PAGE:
The allegations by Young in support of his motion for a stay do not meet the stringent criteria set forth in Rhines v. Weber, 544 U.S. 266, 277 (2005). In Rhines, the Supreme Court stated,

[S]tay and abeyance should be available only in limited circumstances. Because granting a stay effectively excuses a petitioner's failure to present his claims first to the state courts, stay and abeyance is only appropriate when the district court determines there was good cause for the petitioner's failure to exhaust his claims first in state court. Moreover, even if a petitioner had good cause for that failure, the district court would abuse its discretion if it were to grant him a stay when his unexhausted claims are plainly meritless. . . .

And if a petitioner engages in abusive litigation tactics or intentional delay, the district court should not grant him a stay at all. . . .

On the other hand, it likely would be an abuse of discretion for a district court to deny a stay and to dismiss a mixed petition if the petitioner had good cause for his failure to exhaust, his unexhausted claims are potentially meritorious, and there is no indication that the petitioner engaged in intentionally dilatory litigation tactics. In such circumstances, the district court should stay, rather than dismiss, the mixed petition. In such a case, the petitioner's interest in obtaining federal review of his claims outweighs the competing interests in finality and speedy resolution of federal petitions. For the same reason, if a petitioner presents a district court with a mixed petition and the court determines that stay and abeyance is inappropriate, the court should allow the petitioner to delete the unexhausted claims and to proceed with the exhausted claims if dismissal of the entire petition would unreasonably impair the petitioner's right to obtain federal relief.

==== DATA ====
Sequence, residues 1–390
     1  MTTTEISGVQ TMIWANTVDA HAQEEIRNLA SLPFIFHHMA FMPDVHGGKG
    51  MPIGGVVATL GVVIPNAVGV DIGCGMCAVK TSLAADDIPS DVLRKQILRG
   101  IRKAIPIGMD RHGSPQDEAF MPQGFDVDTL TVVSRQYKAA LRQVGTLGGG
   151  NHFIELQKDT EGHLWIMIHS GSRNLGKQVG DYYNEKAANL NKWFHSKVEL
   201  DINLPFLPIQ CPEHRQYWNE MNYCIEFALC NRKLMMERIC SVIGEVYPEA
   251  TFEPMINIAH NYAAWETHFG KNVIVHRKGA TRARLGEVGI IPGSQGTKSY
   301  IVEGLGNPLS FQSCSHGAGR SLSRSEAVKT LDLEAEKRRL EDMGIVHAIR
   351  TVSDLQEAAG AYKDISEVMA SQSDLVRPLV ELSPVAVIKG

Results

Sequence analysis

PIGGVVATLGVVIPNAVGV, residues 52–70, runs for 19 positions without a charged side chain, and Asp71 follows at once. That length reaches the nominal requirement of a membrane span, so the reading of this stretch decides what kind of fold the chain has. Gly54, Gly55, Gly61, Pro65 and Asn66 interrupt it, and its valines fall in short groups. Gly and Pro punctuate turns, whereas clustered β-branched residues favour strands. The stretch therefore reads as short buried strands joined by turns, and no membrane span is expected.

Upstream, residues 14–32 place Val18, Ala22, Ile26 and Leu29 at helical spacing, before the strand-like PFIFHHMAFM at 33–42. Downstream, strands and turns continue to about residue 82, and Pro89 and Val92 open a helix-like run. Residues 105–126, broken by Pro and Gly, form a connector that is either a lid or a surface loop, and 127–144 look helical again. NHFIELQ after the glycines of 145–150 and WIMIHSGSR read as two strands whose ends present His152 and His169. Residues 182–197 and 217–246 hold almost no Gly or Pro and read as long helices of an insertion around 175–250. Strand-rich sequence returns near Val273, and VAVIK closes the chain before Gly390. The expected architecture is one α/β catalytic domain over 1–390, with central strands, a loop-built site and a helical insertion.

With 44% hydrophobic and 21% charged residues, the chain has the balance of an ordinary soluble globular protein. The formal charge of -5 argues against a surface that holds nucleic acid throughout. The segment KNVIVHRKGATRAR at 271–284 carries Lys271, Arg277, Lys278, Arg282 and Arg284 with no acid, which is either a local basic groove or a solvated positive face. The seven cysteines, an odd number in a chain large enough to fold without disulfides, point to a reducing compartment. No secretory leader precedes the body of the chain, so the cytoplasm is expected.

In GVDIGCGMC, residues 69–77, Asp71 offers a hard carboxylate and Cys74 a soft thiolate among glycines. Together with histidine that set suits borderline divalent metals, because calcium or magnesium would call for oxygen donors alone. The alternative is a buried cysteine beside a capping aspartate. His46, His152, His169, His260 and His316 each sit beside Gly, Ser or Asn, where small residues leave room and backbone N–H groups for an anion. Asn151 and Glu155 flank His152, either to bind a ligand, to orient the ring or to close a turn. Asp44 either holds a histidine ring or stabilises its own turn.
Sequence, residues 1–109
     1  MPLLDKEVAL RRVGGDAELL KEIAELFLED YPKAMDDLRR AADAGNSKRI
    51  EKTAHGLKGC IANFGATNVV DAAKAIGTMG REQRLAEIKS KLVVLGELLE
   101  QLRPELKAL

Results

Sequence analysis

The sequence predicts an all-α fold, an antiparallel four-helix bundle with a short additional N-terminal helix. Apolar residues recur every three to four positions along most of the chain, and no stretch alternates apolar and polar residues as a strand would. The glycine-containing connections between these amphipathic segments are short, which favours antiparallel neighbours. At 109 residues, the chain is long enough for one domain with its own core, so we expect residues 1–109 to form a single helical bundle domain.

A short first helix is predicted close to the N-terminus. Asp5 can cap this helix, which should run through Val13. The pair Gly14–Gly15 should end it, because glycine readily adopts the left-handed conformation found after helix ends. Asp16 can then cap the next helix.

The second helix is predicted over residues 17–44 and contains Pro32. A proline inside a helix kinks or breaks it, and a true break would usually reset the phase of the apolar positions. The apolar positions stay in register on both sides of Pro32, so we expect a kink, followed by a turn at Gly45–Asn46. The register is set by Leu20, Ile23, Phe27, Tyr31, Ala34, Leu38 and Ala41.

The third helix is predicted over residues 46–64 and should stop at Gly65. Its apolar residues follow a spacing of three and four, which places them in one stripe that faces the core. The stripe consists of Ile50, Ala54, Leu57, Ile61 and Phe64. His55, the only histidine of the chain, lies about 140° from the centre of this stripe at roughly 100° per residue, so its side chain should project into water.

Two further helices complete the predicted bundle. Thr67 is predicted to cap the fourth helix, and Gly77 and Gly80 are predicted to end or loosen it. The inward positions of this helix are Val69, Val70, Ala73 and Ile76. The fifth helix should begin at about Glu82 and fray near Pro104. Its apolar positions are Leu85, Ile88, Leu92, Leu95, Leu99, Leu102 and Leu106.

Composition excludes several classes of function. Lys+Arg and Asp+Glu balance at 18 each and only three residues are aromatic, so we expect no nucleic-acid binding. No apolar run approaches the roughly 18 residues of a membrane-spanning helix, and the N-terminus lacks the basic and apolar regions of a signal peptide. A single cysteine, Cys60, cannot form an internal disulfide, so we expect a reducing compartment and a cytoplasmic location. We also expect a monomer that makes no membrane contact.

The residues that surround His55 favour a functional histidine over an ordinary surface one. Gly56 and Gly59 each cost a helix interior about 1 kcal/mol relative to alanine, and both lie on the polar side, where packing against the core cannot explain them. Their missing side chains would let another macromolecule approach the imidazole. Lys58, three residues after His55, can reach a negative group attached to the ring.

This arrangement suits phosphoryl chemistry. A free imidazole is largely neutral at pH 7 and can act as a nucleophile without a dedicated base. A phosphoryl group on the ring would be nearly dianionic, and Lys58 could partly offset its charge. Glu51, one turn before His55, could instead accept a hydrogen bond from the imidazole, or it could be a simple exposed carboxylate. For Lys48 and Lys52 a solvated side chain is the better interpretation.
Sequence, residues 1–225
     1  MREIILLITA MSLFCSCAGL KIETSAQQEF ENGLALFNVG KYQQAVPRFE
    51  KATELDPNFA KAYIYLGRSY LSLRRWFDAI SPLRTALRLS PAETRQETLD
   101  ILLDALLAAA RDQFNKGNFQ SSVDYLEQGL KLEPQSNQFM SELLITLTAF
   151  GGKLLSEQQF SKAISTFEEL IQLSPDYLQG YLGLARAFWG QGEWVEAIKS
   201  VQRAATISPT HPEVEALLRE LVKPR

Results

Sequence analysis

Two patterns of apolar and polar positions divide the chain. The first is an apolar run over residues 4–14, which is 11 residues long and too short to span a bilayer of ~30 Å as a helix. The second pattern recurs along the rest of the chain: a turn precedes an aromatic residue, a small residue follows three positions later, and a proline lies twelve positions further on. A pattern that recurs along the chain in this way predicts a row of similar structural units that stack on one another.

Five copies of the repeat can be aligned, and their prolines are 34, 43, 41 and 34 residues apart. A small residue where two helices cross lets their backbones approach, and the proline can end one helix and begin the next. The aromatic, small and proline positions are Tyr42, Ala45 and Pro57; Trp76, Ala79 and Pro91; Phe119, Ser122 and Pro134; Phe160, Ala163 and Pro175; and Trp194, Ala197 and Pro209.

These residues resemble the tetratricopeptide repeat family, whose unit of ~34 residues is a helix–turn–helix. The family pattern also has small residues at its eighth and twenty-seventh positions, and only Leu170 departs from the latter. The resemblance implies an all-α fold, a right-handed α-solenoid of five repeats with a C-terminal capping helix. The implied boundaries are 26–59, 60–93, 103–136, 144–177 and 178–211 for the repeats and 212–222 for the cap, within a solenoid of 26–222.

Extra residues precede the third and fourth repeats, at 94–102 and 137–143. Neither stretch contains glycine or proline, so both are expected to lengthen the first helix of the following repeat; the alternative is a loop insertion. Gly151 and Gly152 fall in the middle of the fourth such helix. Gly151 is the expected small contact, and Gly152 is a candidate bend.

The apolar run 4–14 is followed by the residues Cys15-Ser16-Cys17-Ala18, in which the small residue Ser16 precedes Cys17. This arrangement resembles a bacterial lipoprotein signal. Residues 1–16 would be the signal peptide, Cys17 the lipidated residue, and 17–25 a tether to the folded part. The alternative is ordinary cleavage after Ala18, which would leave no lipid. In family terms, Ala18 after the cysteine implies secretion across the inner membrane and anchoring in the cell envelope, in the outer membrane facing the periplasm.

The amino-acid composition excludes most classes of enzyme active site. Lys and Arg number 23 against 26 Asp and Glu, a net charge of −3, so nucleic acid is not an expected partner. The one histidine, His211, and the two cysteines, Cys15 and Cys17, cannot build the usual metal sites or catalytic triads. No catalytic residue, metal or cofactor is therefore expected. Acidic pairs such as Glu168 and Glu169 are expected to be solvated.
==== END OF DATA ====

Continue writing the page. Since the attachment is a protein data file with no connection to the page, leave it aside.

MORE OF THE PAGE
544 U.S. at 277-78.